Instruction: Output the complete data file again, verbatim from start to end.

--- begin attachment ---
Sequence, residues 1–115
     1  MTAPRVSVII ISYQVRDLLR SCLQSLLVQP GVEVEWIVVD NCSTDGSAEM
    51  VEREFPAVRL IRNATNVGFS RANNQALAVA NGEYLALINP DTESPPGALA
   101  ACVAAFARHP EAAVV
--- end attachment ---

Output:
Sequence, residues 1–115
     1  MTAPRVSVII ISYQVRDLLR SCLQSLLVQP GVEVEWIVVD NCSTDGSAEM
    51  VEREFPAVRL IRNATNVGFS RANNQALAVA NGEYLALINP DTESPPGALA
   101  ACVAAFARHP EAAVV